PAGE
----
The new exhibition, George IV, Art & Spectacle, at the Queen’s Gallery shows King George IV, our most ‘exuberant king’ as the tube posters have it, to be a mass of contradictions. The portrait by Sir Thomas Lawrence depicts him in all his royal Majesty – and we must remember that he was the King-in-Waiting for many years. George, Prince of Wales, had finally become Prince Regent in 1811 when his father, George III, finally succumbed to madness, and stayed in that difficult position until the king’s death in 1820. George III had been King for over 6o years and the previous coronation had been forgotten. The new George IV was determined that his coronation would be of unparalleled magnificence. Perhaps he felt that, after all that waiting, he was owed something in compensation.

Sir Thomas Lawrence, George IV (1762-1830), 1821. Royal Collection Trust / (c) Her Majesty Queen Elizabeth II 2019.

George IV designed himself a magnificent Coronation costume. – he had good legs, why not show them off?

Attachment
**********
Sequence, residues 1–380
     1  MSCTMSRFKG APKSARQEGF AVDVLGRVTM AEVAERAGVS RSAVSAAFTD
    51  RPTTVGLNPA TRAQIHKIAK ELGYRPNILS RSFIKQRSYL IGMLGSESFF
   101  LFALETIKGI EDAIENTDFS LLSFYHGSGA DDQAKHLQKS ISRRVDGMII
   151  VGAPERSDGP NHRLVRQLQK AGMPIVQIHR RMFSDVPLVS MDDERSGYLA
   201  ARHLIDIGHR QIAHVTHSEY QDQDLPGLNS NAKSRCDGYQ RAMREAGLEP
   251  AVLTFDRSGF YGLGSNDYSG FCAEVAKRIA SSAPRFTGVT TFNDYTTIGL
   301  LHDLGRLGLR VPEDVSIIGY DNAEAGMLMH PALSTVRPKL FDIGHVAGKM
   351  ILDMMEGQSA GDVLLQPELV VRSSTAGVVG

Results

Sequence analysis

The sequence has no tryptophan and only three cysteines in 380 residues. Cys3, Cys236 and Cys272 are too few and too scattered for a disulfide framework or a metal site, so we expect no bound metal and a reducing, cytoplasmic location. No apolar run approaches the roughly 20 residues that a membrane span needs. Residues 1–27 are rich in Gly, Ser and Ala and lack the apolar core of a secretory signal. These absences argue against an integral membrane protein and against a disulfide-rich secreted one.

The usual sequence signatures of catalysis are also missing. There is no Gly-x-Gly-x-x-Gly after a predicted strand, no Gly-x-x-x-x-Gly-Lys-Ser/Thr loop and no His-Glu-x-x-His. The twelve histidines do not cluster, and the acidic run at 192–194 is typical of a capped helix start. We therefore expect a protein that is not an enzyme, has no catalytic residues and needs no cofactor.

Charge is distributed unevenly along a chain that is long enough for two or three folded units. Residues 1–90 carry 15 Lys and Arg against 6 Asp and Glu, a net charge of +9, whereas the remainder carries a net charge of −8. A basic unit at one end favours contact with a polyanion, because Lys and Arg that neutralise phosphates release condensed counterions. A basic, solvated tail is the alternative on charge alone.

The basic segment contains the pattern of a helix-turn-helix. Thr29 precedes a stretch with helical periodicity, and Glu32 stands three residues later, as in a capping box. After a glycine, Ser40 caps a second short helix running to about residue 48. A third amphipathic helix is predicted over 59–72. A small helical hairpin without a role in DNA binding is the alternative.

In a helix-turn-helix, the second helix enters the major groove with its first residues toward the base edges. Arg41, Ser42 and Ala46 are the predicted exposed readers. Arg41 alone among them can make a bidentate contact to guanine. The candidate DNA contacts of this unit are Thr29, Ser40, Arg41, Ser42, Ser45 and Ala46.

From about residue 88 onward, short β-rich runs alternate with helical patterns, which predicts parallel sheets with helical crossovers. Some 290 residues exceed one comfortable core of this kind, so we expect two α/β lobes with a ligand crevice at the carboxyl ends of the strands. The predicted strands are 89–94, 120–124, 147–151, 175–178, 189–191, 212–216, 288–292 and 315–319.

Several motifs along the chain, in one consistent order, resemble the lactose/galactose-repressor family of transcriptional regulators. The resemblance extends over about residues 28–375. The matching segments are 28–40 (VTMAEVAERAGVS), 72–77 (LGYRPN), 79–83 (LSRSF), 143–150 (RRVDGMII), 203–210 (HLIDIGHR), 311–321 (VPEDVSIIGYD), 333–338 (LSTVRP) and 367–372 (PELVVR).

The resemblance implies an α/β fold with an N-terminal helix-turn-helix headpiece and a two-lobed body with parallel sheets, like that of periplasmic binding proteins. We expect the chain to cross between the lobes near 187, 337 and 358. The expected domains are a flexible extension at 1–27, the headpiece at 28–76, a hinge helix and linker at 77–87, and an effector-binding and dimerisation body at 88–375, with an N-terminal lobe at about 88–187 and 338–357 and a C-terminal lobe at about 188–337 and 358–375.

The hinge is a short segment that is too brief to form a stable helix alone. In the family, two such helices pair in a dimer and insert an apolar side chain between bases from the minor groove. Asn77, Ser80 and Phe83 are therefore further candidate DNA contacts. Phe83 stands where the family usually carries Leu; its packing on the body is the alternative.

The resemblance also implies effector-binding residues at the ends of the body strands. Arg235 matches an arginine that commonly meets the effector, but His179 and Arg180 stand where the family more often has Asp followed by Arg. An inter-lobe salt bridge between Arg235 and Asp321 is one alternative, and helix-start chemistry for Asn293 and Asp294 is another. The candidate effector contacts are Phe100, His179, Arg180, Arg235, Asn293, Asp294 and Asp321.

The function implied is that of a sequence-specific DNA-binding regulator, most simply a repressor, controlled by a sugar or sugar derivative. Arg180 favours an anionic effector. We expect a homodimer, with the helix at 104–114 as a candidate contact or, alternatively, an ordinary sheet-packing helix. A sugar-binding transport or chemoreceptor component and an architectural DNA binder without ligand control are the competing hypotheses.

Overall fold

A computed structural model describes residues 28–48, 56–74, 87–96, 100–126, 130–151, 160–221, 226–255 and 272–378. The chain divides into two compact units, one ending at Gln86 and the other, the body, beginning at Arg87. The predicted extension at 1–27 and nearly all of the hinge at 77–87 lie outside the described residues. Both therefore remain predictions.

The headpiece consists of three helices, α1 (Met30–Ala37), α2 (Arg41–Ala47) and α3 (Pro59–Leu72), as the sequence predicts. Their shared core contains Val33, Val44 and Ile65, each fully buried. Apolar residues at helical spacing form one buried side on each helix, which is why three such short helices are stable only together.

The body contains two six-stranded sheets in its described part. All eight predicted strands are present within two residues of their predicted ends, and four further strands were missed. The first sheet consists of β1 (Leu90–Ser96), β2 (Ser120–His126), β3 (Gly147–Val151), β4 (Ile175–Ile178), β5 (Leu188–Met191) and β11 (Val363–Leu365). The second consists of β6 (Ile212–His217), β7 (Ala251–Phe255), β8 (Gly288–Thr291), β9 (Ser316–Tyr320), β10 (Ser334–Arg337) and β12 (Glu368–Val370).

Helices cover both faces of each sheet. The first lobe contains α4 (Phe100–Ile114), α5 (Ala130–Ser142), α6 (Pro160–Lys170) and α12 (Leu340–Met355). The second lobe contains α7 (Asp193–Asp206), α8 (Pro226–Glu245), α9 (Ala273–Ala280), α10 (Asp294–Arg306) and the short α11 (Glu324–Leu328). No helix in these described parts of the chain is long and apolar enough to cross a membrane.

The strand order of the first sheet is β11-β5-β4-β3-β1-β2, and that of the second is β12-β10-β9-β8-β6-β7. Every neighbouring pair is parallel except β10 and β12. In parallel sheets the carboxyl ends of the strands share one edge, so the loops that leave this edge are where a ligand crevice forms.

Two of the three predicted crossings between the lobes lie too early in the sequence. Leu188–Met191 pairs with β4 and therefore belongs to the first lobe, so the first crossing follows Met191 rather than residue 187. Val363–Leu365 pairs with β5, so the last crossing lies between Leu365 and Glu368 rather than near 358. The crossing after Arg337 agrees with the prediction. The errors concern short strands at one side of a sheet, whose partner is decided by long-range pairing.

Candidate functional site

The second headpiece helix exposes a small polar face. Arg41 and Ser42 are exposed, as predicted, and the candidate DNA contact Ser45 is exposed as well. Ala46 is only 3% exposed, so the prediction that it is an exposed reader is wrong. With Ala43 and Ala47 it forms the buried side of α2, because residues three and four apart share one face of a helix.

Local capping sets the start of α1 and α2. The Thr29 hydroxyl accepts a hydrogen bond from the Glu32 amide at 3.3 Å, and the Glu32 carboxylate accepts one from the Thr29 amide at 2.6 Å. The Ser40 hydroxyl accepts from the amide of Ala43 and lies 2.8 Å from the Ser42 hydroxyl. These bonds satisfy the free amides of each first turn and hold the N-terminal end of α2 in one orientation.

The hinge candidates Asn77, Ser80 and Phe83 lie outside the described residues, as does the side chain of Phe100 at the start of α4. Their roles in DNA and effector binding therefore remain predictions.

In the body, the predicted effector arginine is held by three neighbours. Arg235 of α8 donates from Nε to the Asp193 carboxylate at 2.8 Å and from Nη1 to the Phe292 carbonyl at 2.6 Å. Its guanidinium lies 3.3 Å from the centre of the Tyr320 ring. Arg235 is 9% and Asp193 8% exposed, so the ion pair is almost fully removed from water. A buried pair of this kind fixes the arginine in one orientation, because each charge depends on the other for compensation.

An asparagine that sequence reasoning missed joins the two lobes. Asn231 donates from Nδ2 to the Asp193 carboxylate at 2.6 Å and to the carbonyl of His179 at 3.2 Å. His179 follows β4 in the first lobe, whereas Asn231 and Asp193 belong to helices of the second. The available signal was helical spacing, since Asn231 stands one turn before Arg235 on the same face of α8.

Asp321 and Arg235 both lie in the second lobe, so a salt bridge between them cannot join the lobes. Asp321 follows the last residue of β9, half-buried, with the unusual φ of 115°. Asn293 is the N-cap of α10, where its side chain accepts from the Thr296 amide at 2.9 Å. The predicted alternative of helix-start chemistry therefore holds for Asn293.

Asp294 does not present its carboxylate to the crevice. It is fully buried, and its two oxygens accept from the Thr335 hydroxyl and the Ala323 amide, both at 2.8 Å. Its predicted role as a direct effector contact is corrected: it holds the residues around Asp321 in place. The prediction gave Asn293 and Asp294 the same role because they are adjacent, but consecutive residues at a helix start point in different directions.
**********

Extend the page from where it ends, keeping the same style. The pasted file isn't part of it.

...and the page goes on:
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Shelley’s ‘Ozymandias’ and Ramesses II

The short but tumultuous life of the poet, Percy Bysshe Shelley (1792-1822), one of the greatest of the Romantic poets of the early 19th century, shows him to have been a man of contradictions. He disapproved of matrimony – but married twice; he was a vegetarian (rare at the time), a republican and a Radical. He was thrown out of Eton for expressing atheistic views. But he was also intelligent and highly imaginative and has been described as ‘the poet of volcanic hope for a better world’. At his best, as in his sonnet Ozymandias, he is inimitable.

Percy Bysshe Shelley (1792-1822) by Amelia Curran, Courtesy of the National Portrait Gallery.